Thursday, May 30, 2013

Brave: I Do Not Think It Means What You Think It Means

For grownups, this movie would be worth watching just to see Merida's hair, and the dark and wild and beautiful setting.  For kids . . . I have my reservations.  




Things you've probably heard elsewhere . . .

It has magic:  Yes, but fairy tales do, and that's not an issue for me.  As in The Princess and the Frog, appropriate consequences are shown for using magic (against your mother).  

It's really scary:  Yep.  We watched it with the whole family and the kids (1.5-10) were pretty terrified during the bear fights.  But I think it's good for kids to be scared by movies.  It helps them to understand that feeling and cope with it in a low stakes situation, rather than confronting fear for the first time in a real life situation.

It's really sad:  Yes again.  Like any good Disney movie, it'll make your kids cry and cry and cry (Bambi, The Fox and the Hound, Up, I'm looking at you).  I think that's fine too.  See above.

None of those things are an issue for me. 

My concerns were with the visceral and hurtful arguments between Merida and her mother Elinor, and the bold and spiteful (and public) disobedience Merida shows.  I don't have teenage daughters yet, so honestly I don't know how that stage goes.  I know I certainly gave my own mother a good deal of trouble.  But regardless of how true Merida's feelings of rebellion are, I'm not sure I can make the case that it's good for my young children to witness them.  The same goes for her disobedience.  Unlike the situation in Tangled, when we can cheer Rapunzel's bravery as she struggles to shake off the yoke of her evil "mother's" distorted worldview, Elinor is a good queen and a loving mother who has always done what was right for her daughter.  She does NOT deserve the treatment she receives from Merida.  And I'm talking about even BEFORE the magic stuff starts.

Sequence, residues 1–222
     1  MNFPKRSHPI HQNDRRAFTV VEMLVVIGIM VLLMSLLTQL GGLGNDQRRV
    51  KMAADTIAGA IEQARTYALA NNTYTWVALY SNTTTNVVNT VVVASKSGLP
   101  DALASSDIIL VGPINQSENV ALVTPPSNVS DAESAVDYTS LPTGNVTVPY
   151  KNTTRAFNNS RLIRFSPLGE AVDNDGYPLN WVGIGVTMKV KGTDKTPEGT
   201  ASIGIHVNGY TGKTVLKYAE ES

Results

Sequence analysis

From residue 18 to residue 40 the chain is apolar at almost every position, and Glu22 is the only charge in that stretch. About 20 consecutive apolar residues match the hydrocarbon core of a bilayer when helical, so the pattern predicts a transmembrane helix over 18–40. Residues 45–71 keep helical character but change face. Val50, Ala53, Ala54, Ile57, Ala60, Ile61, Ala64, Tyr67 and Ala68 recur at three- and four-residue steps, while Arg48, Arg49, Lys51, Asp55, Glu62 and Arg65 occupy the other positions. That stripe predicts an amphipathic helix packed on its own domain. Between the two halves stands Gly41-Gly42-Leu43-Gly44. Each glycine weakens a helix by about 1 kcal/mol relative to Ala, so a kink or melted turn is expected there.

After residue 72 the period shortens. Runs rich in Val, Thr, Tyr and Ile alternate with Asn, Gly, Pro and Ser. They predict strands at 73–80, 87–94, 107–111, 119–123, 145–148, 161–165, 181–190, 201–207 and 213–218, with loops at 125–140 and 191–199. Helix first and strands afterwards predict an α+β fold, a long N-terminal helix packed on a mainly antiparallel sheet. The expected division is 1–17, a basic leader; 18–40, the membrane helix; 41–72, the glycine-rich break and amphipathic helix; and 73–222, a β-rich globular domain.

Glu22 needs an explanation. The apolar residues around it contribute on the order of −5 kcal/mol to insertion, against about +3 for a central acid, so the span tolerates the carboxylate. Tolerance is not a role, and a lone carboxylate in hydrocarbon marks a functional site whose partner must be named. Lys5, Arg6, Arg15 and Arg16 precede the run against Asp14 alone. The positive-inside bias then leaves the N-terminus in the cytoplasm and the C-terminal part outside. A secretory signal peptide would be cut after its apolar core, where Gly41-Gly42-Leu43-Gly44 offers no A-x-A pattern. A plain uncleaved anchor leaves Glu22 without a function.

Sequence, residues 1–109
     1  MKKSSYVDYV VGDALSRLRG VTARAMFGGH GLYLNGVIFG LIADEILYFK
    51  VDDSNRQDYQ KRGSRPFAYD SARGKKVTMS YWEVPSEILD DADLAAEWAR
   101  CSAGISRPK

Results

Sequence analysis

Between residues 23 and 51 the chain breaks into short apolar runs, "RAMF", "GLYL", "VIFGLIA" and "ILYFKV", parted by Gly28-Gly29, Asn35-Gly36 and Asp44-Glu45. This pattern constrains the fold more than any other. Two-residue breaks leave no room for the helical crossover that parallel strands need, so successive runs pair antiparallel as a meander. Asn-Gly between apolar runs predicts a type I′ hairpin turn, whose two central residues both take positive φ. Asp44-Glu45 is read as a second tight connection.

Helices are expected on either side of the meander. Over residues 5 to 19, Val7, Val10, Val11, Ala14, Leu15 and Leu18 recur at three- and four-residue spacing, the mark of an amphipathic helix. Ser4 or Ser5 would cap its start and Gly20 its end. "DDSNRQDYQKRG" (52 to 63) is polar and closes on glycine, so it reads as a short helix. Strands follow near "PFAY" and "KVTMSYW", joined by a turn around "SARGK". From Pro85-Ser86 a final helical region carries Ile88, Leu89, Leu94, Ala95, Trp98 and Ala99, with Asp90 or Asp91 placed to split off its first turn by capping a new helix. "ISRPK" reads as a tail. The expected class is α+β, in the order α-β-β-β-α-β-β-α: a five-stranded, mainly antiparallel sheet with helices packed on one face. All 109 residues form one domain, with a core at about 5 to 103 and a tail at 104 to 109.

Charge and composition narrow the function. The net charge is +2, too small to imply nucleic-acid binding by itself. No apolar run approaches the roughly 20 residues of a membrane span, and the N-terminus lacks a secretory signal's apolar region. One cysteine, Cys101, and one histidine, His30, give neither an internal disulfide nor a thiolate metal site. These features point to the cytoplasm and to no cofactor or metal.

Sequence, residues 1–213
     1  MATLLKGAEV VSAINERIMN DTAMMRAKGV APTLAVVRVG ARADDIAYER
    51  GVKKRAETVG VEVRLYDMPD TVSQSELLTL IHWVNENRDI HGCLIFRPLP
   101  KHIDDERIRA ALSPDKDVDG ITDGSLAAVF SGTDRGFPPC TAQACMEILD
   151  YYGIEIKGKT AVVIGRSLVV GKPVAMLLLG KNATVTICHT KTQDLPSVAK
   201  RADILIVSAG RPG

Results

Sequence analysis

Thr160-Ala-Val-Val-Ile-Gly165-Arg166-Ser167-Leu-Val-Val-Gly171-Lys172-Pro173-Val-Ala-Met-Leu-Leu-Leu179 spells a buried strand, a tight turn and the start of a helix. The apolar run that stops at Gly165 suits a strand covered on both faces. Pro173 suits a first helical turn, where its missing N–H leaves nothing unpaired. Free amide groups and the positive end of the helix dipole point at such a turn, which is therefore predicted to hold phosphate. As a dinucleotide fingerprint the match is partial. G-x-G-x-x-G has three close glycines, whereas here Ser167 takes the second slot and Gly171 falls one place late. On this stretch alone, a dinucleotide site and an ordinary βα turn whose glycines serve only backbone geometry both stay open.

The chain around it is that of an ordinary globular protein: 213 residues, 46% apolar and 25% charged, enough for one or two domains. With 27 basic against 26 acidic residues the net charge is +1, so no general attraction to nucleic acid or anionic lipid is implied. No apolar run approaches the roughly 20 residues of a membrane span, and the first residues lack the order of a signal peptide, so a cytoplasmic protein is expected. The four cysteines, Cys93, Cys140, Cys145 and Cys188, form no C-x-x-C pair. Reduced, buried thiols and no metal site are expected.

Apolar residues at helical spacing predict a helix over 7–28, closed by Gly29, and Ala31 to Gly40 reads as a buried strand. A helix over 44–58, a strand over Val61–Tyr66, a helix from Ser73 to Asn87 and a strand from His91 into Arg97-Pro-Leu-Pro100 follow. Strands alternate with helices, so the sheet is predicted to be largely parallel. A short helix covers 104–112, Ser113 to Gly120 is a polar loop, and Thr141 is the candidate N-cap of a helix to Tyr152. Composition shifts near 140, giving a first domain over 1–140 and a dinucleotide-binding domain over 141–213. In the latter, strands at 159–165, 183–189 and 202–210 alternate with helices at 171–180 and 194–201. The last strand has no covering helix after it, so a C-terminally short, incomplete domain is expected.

I know, I know, it's a story of redemption.  How can Merida be redeemed if she doesn't fall to begin with?  But isn't this a movie meant for children?  Is teenage rebellion something we're all desperate to introduce to our little ones as soon as possible?

And while I LOVE that Merida finally learns to love and respect and emulate her mother and to take responsibility for the consequences of her bad behavior, so does her mother learn that she and all the traditions of her people were wrong too, and Merida was right.  Brave falls just to the right of center on the Girls Just Want to Have Fun scale of "Kids Are Right and Parents Are Wrong," the far right being The Lion King where Dad was all right all the time and the far left being The Little Mermaid where Ariel's dangerous and subversive disobedience earns her not only everything she wanted, but a humble bow from her Dad to go along with it.